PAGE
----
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. Last Updated: 07/27/2016

Obukhov Convicted Of Spying for British

The Moscow city court sentenced Platon Obukhov, a former junior diplomat, to 11 years in a high-security prison Thursday for spying for Britain in the mid-1990s.

Obukhov, 31, the son of a former deputy foreign minister and top arms-control negotiator, Alexei Obukhov, was arrested by the Federal Security Service in April 1996. At the time, he was working as a second secretary in the Foreign Ministry's North America department.

His arrest led to the biggest spying scandal between London and Moscow since the end of the Cold War. Moscow expelled four British diplomats over the affair, and London responded by expelling four Russians.

The case dragged on for more than four years while his family and lawyers tried to prove that Obukhov was insane and not responsible for his actions.

In televised footage from Thursday's court session, the pale, bearded defendant was visibly agitated. ORT and NTV television showed Obukhov, wearing jeans and a jacket, standing in the defendants cage talking to himself, praying, grimacing and rubbing his cheek and neck.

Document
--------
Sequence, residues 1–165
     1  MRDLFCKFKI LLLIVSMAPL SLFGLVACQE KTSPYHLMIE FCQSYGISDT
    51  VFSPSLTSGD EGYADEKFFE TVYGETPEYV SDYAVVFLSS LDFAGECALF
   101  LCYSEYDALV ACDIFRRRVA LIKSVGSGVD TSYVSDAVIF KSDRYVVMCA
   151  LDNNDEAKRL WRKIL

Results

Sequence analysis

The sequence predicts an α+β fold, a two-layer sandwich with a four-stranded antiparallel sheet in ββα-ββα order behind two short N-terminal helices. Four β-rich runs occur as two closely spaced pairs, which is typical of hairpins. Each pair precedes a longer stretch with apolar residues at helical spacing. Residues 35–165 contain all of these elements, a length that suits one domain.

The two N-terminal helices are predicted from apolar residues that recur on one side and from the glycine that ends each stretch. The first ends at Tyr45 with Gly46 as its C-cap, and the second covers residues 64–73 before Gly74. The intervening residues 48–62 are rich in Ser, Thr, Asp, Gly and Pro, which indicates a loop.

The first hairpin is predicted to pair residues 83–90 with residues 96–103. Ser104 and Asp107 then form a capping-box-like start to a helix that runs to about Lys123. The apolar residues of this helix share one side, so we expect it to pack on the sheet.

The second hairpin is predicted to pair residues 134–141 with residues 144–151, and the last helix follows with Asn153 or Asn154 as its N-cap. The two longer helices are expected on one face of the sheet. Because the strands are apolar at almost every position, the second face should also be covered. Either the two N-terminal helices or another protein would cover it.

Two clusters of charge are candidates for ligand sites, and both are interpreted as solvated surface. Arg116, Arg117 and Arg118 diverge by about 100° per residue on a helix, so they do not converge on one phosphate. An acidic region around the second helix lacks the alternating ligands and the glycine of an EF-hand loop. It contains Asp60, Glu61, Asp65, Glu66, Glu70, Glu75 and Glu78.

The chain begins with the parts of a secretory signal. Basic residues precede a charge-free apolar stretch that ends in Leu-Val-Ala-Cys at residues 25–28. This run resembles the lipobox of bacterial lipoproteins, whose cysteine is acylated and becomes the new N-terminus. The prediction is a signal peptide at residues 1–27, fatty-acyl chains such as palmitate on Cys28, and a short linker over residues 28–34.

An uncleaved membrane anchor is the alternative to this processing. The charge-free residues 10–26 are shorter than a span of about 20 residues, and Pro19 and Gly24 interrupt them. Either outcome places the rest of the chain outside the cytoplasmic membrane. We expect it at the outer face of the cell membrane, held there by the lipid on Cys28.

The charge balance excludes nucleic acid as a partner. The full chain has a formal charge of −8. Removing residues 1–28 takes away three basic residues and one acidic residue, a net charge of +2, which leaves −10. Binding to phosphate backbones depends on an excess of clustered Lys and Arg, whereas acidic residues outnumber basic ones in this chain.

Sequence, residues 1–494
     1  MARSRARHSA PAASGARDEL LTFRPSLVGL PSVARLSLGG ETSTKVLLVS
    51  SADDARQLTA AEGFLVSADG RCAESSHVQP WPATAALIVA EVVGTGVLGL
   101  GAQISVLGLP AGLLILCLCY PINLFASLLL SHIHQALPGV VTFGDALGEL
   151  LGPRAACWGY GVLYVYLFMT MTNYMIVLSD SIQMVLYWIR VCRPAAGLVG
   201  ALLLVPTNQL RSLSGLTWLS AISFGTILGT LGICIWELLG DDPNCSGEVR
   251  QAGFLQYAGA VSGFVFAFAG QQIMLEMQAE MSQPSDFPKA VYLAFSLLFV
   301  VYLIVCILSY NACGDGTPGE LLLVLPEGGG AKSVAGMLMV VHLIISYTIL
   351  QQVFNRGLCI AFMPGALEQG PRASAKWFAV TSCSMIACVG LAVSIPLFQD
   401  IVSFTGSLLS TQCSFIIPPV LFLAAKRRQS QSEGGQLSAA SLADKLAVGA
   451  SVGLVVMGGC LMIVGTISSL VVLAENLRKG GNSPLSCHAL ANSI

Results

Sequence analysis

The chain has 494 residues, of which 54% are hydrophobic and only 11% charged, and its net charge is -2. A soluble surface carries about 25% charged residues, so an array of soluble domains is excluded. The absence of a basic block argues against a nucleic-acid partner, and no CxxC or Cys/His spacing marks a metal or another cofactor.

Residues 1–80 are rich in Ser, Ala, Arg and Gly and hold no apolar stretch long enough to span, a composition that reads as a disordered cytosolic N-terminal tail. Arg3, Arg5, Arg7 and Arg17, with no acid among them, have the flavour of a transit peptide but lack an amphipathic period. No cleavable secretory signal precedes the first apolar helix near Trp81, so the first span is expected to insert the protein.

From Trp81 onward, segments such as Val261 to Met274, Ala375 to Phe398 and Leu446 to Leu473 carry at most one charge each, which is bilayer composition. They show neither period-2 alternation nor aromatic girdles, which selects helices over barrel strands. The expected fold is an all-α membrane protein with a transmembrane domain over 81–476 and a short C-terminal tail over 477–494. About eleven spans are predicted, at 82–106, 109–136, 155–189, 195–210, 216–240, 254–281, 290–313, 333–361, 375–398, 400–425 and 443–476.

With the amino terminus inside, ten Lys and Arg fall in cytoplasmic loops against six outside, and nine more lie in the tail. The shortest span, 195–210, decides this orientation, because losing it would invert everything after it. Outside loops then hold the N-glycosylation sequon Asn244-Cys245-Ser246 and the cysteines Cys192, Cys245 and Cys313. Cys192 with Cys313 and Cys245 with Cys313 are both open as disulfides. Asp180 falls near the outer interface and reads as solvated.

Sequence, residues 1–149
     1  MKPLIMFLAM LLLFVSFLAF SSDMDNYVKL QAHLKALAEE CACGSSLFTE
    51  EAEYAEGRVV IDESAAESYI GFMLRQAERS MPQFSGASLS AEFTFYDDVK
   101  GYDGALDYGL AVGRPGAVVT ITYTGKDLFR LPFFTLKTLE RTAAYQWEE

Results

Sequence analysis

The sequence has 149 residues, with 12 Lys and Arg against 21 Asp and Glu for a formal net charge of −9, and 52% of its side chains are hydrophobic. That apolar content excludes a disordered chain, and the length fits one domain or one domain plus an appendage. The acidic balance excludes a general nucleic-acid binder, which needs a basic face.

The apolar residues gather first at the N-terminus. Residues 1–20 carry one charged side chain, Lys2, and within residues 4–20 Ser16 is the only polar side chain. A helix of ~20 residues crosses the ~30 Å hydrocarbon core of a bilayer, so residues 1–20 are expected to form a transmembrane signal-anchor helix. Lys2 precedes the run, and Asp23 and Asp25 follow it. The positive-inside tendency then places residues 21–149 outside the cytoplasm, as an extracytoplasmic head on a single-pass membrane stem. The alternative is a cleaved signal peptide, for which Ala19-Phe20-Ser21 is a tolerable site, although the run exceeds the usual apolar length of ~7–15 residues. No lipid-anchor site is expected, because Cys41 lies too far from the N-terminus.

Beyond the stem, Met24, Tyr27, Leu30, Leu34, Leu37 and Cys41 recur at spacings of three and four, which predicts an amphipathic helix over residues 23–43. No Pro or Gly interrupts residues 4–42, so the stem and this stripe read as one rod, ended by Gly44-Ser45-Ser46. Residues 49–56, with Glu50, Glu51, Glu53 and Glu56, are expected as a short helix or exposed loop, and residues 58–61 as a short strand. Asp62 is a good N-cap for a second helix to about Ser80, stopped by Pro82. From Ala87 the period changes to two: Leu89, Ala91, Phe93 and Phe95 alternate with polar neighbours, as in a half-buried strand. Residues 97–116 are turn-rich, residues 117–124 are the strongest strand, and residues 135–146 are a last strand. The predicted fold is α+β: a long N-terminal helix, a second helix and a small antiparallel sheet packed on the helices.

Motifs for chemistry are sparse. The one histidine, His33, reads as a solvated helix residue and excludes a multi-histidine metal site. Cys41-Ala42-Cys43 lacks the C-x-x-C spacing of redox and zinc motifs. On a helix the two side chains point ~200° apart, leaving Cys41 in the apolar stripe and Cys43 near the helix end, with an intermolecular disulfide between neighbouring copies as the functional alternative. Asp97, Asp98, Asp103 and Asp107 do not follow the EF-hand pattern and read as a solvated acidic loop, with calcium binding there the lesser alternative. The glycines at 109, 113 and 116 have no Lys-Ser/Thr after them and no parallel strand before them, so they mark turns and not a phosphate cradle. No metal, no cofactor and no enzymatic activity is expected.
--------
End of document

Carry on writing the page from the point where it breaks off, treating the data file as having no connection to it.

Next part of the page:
In an interview with NTV in July 1996, in which he wore a dunce cap emblazoned with a red star and mismatched socks, Obukhov said that he was recruited 18 months prior to his arrest while working as a diplomat in Norway and began active spying when he returned to Moscow six months later.

Russian media at the time reported that Obukhov was working on disarmament.

Obukhov accused the British secret service, MI6, of blackmailing him into spying by gathering "compromising material" on him.

In 1997, psychiatrists from the Serbsky Psychological Institute in Moscow said they found Obukhov to be suffering from "reactive psychosis," a mental disturbance he developed only after his arrest.

Obukhov's family insisted that he was ill from early childhood.

After an 18-month analysis, in April of this year St. Petersburg-based psychiatrist Yevgeny Krylov found Obukhov mentally fit and able to stand trial.

According to ORT, Obukhov's mother said her son was not on speaking terms with her because he suspects her of stealing the Nobel Prize from him. Obukhov used to write paperback thrillers.

Obukhov's lawyers said they would appeal the Moscow court's decision to the Supreme Court.

"The number of procedural mistakes during the investigation is just appalling," said lawyer Yelena Zabralova on NTV.

In addition to the prison sentence, the Moscow court also ordered a full confiscation of his possessions.